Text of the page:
Protesters held after 400 target Huntingdon

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The Independent Online

Animal rights activists targeting Huntingdon Life Sciences yesterday stepped up their campaign with a series of lightning mobile protests against executives and depots of pharmaceutical companies.

Animal rights activists targeting Huntingdon Life Sciences yesterday stepped up their campaign with a series of lightning mobile protests against executives and depots of pharmaceutical companies.

Police reported 81 arrests after van-loads of campaigners launched a series of swift strikes against nine targets across the Home Counties. It was a new tactic in the protest that brought the controversial animal testing centre to within hours of bankruptcy in January.

Activists were held for burglary and conspiracy to commit criminal damage after campaigners broke into secure compounds, smashed windows and unfurled banners in a highly organised operation by about 400 people.

They were split into a white and a yellow team after meeting in a church car park and were issued with a double-page leaflet by Shac, Stop Huntington and Animal Cruelty, which gave detailed instructions and the route to the targets. One instruction read: "A foghorn will sound when it is time to leave one target and move on to another." Organisers with hands-free mobiles and loudhailers organised the protest, with people coming from across the country to take part.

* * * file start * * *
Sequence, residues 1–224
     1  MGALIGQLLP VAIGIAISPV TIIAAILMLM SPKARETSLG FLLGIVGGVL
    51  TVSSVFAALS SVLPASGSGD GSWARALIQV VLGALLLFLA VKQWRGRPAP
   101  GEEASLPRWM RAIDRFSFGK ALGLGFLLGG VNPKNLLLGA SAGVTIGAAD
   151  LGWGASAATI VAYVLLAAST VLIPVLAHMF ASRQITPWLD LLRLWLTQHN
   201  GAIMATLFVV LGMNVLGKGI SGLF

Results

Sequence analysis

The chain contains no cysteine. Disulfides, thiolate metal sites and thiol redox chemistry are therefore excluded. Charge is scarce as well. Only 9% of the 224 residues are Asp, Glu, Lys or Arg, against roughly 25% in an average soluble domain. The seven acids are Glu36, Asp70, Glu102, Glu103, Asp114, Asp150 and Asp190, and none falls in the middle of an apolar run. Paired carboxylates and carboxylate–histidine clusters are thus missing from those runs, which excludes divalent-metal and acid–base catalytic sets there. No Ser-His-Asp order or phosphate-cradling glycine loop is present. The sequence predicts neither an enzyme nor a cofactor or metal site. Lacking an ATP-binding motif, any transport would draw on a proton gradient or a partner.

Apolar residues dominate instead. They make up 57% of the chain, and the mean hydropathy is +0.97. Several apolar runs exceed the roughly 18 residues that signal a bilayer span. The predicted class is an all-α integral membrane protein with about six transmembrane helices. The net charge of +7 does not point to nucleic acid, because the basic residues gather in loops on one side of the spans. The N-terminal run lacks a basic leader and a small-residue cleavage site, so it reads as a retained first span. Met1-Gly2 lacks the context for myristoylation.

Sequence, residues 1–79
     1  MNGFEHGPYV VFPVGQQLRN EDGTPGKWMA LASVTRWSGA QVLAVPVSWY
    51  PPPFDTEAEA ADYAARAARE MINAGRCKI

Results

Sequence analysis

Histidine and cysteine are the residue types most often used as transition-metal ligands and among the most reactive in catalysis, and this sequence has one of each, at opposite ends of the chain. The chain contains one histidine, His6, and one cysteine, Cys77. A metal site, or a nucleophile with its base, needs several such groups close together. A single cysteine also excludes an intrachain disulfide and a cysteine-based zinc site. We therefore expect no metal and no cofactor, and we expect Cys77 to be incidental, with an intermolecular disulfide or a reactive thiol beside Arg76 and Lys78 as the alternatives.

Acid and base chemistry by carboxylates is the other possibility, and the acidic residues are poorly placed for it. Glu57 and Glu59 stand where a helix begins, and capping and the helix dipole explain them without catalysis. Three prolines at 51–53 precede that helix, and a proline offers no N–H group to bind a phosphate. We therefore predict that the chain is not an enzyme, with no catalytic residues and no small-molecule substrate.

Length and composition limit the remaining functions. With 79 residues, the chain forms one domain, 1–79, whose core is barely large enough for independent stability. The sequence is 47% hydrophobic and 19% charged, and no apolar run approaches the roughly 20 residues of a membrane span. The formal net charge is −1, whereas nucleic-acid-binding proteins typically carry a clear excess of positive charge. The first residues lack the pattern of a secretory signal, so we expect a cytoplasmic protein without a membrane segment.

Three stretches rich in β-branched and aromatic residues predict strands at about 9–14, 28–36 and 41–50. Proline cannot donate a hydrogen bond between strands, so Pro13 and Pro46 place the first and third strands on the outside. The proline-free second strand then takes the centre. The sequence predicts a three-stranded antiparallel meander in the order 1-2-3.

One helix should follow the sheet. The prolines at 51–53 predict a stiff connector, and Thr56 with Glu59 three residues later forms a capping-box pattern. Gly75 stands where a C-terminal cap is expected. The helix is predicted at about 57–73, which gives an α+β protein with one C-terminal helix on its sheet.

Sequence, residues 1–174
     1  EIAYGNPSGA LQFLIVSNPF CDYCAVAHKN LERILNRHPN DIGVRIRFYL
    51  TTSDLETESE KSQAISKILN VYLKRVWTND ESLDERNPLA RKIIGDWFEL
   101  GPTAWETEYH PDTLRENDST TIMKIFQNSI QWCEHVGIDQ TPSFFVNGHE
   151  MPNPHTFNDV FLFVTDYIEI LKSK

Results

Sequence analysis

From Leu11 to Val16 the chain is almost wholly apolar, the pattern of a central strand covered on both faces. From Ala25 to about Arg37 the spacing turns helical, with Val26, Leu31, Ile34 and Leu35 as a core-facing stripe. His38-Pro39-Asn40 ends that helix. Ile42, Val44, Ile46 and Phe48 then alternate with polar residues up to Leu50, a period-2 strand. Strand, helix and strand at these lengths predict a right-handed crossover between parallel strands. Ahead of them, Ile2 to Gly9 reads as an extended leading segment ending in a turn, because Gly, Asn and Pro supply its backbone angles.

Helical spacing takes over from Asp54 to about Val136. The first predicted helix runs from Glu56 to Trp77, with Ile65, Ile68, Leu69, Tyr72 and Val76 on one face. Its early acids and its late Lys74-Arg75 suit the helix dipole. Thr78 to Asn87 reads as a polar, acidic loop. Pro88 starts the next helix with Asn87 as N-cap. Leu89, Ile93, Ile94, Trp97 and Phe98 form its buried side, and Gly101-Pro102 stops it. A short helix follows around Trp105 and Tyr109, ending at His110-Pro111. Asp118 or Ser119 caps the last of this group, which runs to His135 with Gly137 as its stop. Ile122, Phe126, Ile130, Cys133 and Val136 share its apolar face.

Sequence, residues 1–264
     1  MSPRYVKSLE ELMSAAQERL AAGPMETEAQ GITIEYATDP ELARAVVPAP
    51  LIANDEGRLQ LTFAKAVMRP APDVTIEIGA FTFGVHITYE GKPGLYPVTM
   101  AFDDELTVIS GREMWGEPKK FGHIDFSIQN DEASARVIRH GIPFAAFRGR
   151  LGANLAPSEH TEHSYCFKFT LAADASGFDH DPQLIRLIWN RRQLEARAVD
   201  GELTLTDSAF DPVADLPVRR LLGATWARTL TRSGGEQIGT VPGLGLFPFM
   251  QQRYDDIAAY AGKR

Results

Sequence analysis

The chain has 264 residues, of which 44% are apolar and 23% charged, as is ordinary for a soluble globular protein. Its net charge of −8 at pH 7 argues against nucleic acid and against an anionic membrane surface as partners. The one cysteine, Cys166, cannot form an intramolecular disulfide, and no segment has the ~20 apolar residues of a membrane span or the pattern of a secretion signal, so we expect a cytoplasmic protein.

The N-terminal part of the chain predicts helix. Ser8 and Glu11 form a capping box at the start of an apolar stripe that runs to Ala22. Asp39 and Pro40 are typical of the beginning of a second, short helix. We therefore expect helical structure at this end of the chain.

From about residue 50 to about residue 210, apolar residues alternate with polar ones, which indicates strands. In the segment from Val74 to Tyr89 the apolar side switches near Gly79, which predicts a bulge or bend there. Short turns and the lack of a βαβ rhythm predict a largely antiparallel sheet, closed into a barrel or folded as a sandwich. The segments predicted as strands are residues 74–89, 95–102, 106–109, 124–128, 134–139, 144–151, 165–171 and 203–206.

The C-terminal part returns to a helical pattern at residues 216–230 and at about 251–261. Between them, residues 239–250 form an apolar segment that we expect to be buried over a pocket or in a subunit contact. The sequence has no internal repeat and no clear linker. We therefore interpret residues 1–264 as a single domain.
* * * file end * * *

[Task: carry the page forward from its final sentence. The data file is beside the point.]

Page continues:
One of the groups broke into the compound at the pharmaceutical company Bayer in Slough, Berkshire. They smashed windows at the depot and retreated before police arrived. A Bayer spokesman said the damage was relatively light and disputed claims by Shac that the company was a customer of HLS.

The activists overwhelmed security at GlaxoSmithKline in Surrey and Berkshire. A spokesman said staff were last night assessing the damage after a supply centre at Slough and a research facility at Weybridge, Surrey were broken into. "GlaxoSmithKline wholeheartedly condemns this violent action organised by Shac which was clearly designed to disrupt work and terrorise employees," he said.

Officers from Thames Valley Police backed up by a helicopter moved in swiftly to break up further protests, stopping vans carrying campaigners in the centre of Slough as they travelled to their second target.

The final two addresses for the "yellow team" were of directors of alleged customers of HLS, but organisers said protesters were met by police.

The highly effective campaign by Shac has prompted the Government to consider changing the law before the general election to combat their methods and to protect targets. Jack Straw, the Home Secretary, has described many of the protesters as "evil" and has given his backing to companies involved in animal research.

But protesters yesterday angrily dismissed the label. A woman who gave her name as Jan, 46, a graduate from south-west London, said: "Families come along here and bring their kids. This protest is not about thugs and yobs."

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